Voters in North Carolina have many choices in when, where and how they can cast their ballot.  Even voter registration is easier now. Find out if you are registered and where your polling place is here .  North Carolina allows for residents to register and vote during the One Stop Absentee Voting time period. For more information on One Stop voter registration, click here. Voters may vote on election day at their assigned neighborhood polling place, vote early at any of the "one stop" voting sites provided in their county, or vote absentee by mail, no excuse required. Find out more about voting early or absentee here

Our elections administration is set up with checks and balances that help ensure fairness to voters regardless of political party. North Carolina works on the “fox and hens” method.  Each polling place has both Republican and Democrat election officials and a split in poll workers.  The majority Party in the State (currently Dems) gets two election officials in each Precinct and the minority Party gets one.  Poll workers are generally to be 50% from each Party.  So the “fox,” currently Republicans watch the “hens,” currently Democrats.  If and when Democrats lose power in the State, the situation will reverse.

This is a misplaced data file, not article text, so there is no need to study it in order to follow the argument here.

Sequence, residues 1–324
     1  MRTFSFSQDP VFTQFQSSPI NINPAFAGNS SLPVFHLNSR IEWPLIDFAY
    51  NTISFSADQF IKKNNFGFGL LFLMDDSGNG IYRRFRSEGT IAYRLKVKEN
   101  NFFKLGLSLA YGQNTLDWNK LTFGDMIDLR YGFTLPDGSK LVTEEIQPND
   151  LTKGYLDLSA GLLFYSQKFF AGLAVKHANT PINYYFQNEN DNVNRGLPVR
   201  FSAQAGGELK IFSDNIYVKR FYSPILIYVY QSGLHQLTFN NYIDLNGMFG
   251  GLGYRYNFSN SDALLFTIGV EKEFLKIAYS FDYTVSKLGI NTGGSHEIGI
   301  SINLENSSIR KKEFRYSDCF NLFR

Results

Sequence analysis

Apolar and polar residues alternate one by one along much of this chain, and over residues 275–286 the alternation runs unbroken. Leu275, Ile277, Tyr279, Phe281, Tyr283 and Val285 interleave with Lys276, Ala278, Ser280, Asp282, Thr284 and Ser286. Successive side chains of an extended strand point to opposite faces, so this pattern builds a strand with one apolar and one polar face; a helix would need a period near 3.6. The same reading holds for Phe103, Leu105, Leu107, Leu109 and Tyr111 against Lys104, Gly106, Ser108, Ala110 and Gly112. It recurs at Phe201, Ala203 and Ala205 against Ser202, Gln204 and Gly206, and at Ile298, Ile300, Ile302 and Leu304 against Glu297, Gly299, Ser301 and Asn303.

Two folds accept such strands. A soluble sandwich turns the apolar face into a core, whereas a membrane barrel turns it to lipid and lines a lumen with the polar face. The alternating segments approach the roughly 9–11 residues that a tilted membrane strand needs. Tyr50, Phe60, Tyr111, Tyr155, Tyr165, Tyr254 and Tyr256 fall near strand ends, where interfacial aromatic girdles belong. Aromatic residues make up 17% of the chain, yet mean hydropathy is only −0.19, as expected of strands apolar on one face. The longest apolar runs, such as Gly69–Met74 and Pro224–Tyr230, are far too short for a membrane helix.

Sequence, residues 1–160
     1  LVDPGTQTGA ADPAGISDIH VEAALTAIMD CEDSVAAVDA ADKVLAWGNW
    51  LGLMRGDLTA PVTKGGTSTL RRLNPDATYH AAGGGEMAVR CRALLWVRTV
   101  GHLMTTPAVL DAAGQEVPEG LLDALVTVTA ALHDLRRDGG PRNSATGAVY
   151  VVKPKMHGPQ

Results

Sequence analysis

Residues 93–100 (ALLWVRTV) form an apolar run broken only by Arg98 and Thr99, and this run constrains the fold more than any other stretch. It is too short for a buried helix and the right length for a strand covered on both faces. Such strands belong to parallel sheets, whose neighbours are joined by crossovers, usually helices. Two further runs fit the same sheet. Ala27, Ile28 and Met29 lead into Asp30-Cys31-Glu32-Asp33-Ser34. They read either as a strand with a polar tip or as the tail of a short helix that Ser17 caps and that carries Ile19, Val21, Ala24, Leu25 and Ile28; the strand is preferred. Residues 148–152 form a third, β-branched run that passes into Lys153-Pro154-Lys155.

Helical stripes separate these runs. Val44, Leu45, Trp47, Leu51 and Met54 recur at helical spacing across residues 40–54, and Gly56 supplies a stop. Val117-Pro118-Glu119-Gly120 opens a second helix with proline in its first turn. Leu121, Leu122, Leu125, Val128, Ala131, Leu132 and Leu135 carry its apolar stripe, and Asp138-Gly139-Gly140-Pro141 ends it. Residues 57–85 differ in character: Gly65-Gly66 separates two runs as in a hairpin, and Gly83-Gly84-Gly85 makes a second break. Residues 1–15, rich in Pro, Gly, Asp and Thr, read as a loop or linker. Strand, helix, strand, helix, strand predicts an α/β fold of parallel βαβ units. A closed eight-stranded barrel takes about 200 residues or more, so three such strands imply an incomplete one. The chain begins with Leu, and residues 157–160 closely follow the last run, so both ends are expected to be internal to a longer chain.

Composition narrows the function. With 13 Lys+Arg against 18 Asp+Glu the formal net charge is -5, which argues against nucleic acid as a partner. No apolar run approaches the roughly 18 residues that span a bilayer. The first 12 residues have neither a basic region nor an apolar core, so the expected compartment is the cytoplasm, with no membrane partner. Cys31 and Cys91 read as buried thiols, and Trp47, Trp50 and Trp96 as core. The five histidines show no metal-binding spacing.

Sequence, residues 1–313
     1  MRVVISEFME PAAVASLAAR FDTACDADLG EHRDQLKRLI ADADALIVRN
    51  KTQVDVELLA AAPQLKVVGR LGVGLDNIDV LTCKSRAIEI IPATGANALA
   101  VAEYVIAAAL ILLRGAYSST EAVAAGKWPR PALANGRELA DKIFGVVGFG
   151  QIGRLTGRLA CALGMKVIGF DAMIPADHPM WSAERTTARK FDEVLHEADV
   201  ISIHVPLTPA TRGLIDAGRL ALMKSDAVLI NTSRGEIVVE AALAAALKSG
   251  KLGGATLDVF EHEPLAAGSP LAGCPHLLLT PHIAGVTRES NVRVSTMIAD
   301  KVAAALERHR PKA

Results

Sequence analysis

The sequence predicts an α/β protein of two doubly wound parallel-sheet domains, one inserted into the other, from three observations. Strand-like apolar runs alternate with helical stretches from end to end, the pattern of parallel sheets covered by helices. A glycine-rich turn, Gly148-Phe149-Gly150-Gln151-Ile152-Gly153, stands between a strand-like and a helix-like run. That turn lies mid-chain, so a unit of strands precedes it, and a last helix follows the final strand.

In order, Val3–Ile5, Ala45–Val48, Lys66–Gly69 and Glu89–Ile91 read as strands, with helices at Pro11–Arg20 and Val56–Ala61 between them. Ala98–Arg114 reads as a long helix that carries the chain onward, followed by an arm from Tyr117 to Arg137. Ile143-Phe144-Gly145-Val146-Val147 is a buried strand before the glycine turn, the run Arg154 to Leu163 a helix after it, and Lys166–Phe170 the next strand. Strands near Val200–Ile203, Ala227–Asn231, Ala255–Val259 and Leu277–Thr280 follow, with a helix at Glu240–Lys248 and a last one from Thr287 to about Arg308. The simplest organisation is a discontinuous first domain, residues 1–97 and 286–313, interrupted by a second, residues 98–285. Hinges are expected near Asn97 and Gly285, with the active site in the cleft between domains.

The State Board of Elections is the state agency charged with overall responsibility for administration of the elections process and campaign finance disclosure in North Carolina. It is the only statutory bi-partisan, quasi-judicial supervisory board in North Carolina State government. The Governor of North Carolina appoints the five members of the Board

While each County has a professional election director and usually a small professional staff, it is the appointed County Board of Elections who has the decision making power on critical issues. Each County Board of Elections is overseen by a 3 member board, with 2 members from the majority political party, and 1 member from the minority party. The North Carolina BOE offers a certification program for the election officials.  It is a very solid program, but is not required.